We proclaim Him . . . teaching everyone with all wisdom, so that we may present everyone perfect in Christ (Col. 1:25).
I was never going to teach. It was not even at the bottom of a list of possible paying vocations I’d ever considered. But when the time came that circumstances forced me into the workforce to support our family, it was the quickest way to that end – so here I am, some 35 years later, about to grade my last projects, my last finals, and I cannot imagine any work that would have been better.
There is so much to be grateful for: my own teachers who prepared me so well for such a time; the literature itself which shaped me, grew me, even at times saved me; my colleagues over the years who have taught, challenged, and encouraged me; my students who have so graciously allowed me to be part of their lives in and out of the classroom.
Still, so often through the years, discouragement would strike, and many were the days I dragged myself home wondering if I’d ever done anyone any good, if the work had been worthwhile that day or ever. And so today I want to give a special thanks to those who went to great lengths to show me, in this final semester, that my work has in fact not been in vain, that this “Jack, joke, poor potsherd, | patch, matchwood” has, in Him and Him alone, done the only work I ever hoped to do.
The Academic Office put on a reception for the two of us retiring this year (the other being the matchless, beloved drama teacher/director “Mr. B” – Bernie Belisle). My thanks to Kevin, Rhonda, Audrey for your work in arranging the event (including AJ and the luscious cake and excellent catering service). Your thoughtful gift to me is one I will always treasure – the beautiful leather journal and the silver pen inscribed with the Bryan motto, “Christ Above All.” Thank you to all of you, to President Livesay and the Board and the rest of our administration, for all the years of encouragement, assistance, and loving friendship. You have always made me feel at home in a place where Christ is indeed held above all.
My peerless colleagues in the English Department – Ray, Whit, Daniel – made the week all the more special with a personal gift of Victorian-themed embroidery tools (scissors, needle-holder, etc.). You have come to know me well, not just as a colleague but as a friend, and so you know my various plans and loves and I appreciate your showing your love for me in this sweet way. You are my friends and my brothers, and I thank you for all you have meant to me over the years, all the prayers and laughter, and the shared tears and sorrows as well. You are the best.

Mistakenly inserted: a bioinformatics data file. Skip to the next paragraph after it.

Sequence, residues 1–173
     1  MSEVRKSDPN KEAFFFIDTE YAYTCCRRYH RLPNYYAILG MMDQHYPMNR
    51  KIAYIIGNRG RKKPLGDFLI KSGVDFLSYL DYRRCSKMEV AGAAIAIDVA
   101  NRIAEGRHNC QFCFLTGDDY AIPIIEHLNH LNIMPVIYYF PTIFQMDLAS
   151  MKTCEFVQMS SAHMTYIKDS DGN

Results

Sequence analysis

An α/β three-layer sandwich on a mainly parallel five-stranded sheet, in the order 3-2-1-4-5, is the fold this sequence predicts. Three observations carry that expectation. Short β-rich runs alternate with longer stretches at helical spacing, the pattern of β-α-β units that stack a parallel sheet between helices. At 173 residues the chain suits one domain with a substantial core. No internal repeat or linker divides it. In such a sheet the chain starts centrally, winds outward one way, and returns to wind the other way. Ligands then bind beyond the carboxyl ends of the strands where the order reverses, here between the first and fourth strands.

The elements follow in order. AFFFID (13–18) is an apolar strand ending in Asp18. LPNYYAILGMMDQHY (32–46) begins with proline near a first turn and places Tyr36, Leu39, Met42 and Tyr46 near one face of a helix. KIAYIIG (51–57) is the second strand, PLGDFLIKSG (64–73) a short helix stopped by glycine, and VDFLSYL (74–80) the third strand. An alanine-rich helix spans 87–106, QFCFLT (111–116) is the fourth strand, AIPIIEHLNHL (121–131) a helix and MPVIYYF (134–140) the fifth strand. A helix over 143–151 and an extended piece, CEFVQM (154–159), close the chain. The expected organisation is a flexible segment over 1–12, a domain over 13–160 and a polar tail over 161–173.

But they did so much more. Ray arranged an opportunity for our students and alums to shower me with appreciation, gathering cards and printing off emails from them to fill a lovely handcrafted keepsake box. Dozens of the precious ones I have taught over the years took the time to send such kind and humbling words; thank you, my dear colleagues, for arranging such a special gift.
To those who wrote (and those who have written at other times with similar words, whose letters and emails will also go into this box): how can I ever thank you. You were always the reason that even on the darkest days I could find a smile and see the beauty both in the work itself and in your eager eyes. The specific conversations and classes and even off-hand comments you remember show me the power of our Lord to work – through literature, through writing, through a mere teacher trying to do her best by all three – to work His truth, His beauty, His goodness into all our lives. Thank you for that gift.
And thanks, too, for a candy tree growing out of unicorn mug, for a lovely hand-crafted necklace, for an adorable crocheted pet, for a stunningly crafted blown-glass kingfisher which will catch fire in my eastern window, and for the endless hours of shared laughter, tears, failures, and victories, conversations silly and serious about literature, about writing, about life. You are God’s blessings to me.
I deserve none of this and no credit: all is His work and His glory. Live for that, dear ones. Act in God’s eye what you are: “Chríst — for Christ plays in ten thousand places, / Lovely in limbs, and lovely in eyes not his / To the Father through the features of men's faces.” And know always that you live in my heart as ones who have shown Him to me.